Local promotional company Upscale Underground picks up in 2008 what it began late last year: urbane, soul-oriented line-ups of ahead-of-the-curve local and national artists. Dwele, a Grammy-nominated crooner who appears on Kanye West’s latest single, “Flashing Lights,” hosts Friday’s “Soul’d Out” concert. He’s likely to perform a song or two, but three local groups will get more stage time. A new four-piece R&B act, Smooth September, features three vocalists: Desmond and Maya Ellington and Delya Chandler. Rodney Block is surely Little Rock’s most accomplished brass man. The trumpeter (multi-instrumentalist, really) leads his group the Real Music Lovers in a kind of jazz that embraces hip-hop, bebop, funk, soul and gospel. One Night Stand needs to change its name. The live hip-hop band came together on a whim to support local rapper Epiphany early last year, and they’ve stuck around for more than a dozen gigs, steadily emerging as one of our most dynamic local live acts. The concert is open to ages 18 and up.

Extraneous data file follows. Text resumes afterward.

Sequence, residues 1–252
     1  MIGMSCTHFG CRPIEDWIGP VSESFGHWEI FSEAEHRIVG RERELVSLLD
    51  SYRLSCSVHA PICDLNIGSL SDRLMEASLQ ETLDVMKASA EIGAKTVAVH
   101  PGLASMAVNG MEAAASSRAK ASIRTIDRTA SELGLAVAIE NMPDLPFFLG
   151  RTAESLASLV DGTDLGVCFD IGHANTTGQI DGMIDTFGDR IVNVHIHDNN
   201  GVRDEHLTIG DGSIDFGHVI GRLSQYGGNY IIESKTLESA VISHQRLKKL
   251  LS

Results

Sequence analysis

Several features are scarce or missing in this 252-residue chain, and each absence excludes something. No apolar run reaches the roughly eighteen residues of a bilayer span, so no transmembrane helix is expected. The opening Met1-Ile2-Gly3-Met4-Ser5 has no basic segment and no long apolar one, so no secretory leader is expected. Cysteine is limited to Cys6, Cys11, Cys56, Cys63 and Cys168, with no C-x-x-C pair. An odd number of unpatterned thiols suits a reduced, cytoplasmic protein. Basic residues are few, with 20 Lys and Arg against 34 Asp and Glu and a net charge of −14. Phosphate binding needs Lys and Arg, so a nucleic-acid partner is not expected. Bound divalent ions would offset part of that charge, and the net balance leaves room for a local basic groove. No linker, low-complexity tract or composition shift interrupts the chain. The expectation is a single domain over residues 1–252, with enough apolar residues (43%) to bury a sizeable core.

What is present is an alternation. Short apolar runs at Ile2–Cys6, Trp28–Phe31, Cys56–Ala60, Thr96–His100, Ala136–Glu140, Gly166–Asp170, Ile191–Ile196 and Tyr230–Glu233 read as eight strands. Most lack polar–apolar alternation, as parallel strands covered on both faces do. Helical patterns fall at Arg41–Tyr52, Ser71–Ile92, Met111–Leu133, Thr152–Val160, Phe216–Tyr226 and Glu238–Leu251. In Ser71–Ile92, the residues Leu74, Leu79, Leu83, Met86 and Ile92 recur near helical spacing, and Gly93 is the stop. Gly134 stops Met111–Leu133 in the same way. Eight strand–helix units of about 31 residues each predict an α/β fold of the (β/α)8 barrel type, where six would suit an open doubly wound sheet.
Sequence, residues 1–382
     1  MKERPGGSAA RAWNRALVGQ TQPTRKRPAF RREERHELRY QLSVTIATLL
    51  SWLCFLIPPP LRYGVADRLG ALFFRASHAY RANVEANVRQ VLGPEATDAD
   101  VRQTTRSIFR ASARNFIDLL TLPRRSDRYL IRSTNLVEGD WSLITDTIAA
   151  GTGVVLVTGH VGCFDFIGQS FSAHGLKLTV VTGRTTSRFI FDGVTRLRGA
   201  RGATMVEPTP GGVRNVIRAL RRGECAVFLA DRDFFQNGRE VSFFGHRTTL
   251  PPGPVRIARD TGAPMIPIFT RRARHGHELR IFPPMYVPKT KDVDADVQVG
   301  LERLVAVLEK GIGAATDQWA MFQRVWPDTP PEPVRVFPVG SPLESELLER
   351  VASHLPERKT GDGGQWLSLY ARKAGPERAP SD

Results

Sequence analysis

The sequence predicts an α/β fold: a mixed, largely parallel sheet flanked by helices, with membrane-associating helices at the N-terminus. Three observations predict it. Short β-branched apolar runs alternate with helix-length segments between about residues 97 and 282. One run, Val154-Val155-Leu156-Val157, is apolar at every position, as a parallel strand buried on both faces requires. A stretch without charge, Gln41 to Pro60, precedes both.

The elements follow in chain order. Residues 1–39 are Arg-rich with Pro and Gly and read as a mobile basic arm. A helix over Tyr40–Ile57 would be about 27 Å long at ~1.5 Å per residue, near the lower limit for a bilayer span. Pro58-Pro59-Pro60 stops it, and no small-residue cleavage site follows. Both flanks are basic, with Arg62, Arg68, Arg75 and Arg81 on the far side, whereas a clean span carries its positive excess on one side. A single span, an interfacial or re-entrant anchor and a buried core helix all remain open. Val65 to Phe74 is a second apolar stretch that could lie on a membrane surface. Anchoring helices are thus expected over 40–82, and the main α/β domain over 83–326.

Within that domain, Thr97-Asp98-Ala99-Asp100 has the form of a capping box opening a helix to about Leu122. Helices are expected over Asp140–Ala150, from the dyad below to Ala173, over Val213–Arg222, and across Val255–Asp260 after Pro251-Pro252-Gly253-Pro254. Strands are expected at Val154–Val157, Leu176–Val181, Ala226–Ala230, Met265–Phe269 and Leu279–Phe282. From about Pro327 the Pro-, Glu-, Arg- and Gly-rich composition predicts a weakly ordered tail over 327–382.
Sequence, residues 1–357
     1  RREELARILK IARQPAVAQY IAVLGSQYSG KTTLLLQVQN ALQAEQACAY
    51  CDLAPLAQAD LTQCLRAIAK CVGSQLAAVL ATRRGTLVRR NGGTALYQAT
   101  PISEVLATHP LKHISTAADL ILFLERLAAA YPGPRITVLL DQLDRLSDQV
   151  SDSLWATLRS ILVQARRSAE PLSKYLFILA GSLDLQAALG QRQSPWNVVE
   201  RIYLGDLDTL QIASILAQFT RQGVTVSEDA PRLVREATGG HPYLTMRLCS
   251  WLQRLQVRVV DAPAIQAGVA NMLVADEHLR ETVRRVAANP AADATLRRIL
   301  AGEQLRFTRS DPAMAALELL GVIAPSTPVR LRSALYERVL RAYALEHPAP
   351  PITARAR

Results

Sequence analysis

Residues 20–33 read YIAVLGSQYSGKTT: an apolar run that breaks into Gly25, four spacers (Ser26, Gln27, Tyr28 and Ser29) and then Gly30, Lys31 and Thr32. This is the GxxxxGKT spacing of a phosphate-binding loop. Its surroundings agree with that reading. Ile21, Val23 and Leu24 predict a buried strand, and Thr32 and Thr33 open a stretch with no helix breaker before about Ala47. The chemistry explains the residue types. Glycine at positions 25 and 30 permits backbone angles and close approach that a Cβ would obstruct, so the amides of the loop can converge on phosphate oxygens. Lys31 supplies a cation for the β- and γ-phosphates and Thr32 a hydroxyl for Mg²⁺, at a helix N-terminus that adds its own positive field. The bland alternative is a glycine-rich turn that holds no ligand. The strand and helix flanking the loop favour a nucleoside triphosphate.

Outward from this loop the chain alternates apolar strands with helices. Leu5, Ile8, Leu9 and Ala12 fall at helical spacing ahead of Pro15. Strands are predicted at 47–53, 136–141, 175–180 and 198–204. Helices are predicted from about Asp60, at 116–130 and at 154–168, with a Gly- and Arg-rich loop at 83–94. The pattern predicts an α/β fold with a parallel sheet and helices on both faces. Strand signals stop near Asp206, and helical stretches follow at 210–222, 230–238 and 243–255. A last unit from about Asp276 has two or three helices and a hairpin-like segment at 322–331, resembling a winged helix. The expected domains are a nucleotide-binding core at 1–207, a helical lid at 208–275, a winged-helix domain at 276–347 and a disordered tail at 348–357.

9:30 a.m., Robinson Center Music Hall. $25-$45.

n Quiz-master Michael Feldman brings his hit radio comedy “Whad’Ya Know?” to Little Rock Saturday morning. Broadcast live for two hours to nearly 1.5 million listeners on Public Radio International (heard locally on KUAR-FM 89), the show features interviews with audience members and local celebrities (at press time only Heifer International’s Ray White was confirmed); the infamous “Whad’Ya Know?” quiz and a segment called “All the News that Isn’t,” a list of fake headlines inspired by real headlines that’s sure to take an Arkansas focus. Along with the show’s jazz trio, impressive local bluegrass act Runaway Planet will guest.